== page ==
In this excerpt from the new volume The Witness of Bartholomew I, Ecumenical Patriarch — which Rowan Williams has called “a fitting tribute to one of the most independent and creative church leaders in our age” — editor William G. Rusch introduces the life and work of Bartholomew and describes the scope of the essays that follow.
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The word and the concept of witness is deeply embedded in Christian faith and life. Even a superficial reading of the Scriptures discloses that for Israel and the earliest Christian communities the witness to what God had done and disclosed in history was critical. In the Christian unfolding of this story, the community of the Church can be seen as a narrative of the eyewitnesses and then witnesses to the gospel of the Father’s love manifested by Christ and his resurrection, and shared by the Spirit. Christian witness to this activity of the Triune God has been seen as a hallmark of what it means to be a Christian in any age. It is worth noting that this witness has been described by the Greek word that can be rendered in English martyr. There have been occasions over the centuries when this Christian witness has indeed been costly.
In the pages that follow, the reader will encounter a collection of essays that portrays the witness, and especially the ecumenical witness, of one of the outstanding Christian leaders of the late twentieth and early twenty-first centuries, Bartholomew I, Ecumenical Patriarch. This volume appears on the occasion of the twentieth anniversary of Bartholomew’s enthronement as Ecumenical Patriarch. The goal of this enterprise of some eight ecumenical theologians is to offer an insightful evaluation of the activities of the Patriarch after twenty years. All the chapters seek to provide a helpful picture that avoids flattery on the one hand and unfair criticism on the other.
Bartholomew I (born Demetrios Archontonis) was born on 29 February 1940, on the island of Imvros, Turkey. In the 1960s he attended the Patriarchal School at Halki, the University of Munich, the Ecumenical Institute in Bossey, Switzerland, and the Institute of Oriental Studies of the Gregorian University in Rome. From the last of these institutions he received a doctorate in canon law. Also during this period he was ordained a deacon and took the monastic name of Bartholomew.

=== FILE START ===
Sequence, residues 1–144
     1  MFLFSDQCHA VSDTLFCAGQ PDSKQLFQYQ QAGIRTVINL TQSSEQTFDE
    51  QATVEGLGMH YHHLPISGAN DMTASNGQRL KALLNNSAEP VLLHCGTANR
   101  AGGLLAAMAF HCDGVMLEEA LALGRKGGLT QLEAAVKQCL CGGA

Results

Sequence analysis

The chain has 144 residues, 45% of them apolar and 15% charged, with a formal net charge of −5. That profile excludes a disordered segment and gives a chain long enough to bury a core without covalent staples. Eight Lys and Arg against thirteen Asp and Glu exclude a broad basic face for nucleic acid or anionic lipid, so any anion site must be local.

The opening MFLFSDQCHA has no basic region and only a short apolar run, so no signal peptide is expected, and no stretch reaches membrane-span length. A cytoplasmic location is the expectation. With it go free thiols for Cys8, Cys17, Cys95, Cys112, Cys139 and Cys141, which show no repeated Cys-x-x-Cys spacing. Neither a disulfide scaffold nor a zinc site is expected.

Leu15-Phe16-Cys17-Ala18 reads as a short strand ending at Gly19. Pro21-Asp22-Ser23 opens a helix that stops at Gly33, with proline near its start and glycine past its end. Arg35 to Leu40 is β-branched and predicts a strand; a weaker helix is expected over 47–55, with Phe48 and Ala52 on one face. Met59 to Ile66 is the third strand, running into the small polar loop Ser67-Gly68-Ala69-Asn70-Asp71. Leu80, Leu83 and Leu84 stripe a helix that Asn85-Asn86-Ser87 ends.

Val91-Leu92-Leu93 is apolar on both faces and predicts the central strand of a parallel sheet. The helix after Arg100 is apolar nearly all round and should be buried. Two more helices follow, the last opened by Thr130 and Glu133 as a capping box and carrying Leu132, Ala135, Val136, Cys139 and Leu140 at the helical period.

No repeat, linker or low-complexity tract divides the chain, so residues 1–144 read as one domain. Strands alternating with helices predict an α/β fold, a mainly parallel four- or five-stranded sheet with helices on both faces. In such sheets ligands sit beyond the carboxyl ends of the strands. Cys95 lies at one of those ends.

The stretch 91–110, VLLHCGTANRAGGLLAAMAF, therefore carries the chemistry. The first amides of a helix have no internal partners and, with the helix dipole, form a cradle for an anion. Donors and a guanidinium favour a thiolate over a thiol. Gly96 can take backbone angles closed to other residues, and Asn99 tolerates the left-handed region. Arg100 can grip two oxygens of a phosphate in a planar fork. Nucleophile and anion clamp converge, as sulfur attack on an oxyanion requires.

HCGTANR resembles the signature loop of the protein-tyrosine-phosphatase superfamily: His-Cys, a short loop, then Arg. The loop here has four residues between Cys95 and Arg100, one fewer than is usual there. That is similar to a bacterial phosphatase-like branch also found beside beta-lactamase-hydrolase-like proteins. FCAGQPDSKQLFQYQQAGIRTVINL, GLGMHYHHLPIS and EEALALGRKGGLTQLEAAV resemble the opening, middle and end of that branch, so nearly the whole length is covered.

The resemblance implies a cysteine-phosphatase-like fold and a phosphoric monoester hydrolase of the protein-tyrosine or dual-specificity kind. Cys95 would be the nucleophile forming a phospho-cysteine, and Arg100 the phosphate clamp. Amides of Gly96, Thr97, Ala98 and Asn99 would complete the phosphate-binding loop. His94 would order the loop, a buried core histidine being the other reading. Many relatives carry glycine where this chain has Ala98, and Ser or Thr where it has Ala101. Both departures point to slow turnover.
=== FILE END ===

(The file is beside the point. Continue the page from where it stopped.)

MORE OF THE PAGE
In 1969 Bartholomew was ordained to the priesthood; in 1973 he was elected Metropolitan of Philadelphia. Some seventeen years later he was elected Metropolitan of Chalcedon, a most senior rank among the bishops of Constantinople. During the 1970s and 1980s Bartholomew was active in a number of ecumenical roles, including attendance at assemblies of the World Council of Churches and work of the Commission on Faith and Order of the Council. In October of 1991 Bartholomew was elected Ecumenical Patriarch, and on 2 November 1991 he was enthroned as His All Holiness Ecumenical Patriarch of Constantinople.
Often in Western circles Orthodox Christians have been perceived as locked into the past, inflexible in their theological positions, indifferent to the social concerns of the modern world, and rigid in their requirements for Christian unity. In the last twenty years, as these essays demonstrate, Bartholomew has destroyed this caricature. The Bartholomew who emerges in these pages is a spokesperson for Orthodoxy, totally faithful to his tradition, and also a deeply faithful Christian aware of the context of the present world and its environment, committed to a broad vision of ecumenism, and a theologian open to the legitimate diversity of the Christian faith in the twenty-first century.
Each of these essays in its own way casts light on Bartholomew’s person and contributions to individual areas. From these explorations emerges a portrait of a Christian, a church leader, an ecumenist, and a pastor whose presence in the contemporary world we should be grateful for and take heed of — whether we be Orthodox or not.
Table of Contents
William G. Rusch
The Ecumenical Patriarch in a European Context
Anna Marie Aagaard
Bartholomew as a Leader in the Orthodox Church
Peter C. Bouteneff
Ecumenical Patriarch Bartholomew and His Vision of the Ecumenical Movement and the World Council of Churches
Faith at the Margins: Ecumenical Patriarch Bartholomew as Bridge Builder
Dale T. Irvin
Patriarch Bartholomew as a Leader in Orthodox-Catholic Dialogue
Ronald G. Roberson, CSP
Orthodox and Reformed in Dialogue: The Agreed Statement on the Holy Trinity
Joseph D. Small
Ecumenical Patriarch Bartholomew: A Committed Ecumenist
Click to order The Witness of Bartholomew I, Ecumenical Patriarch, edited by William G. Rusch.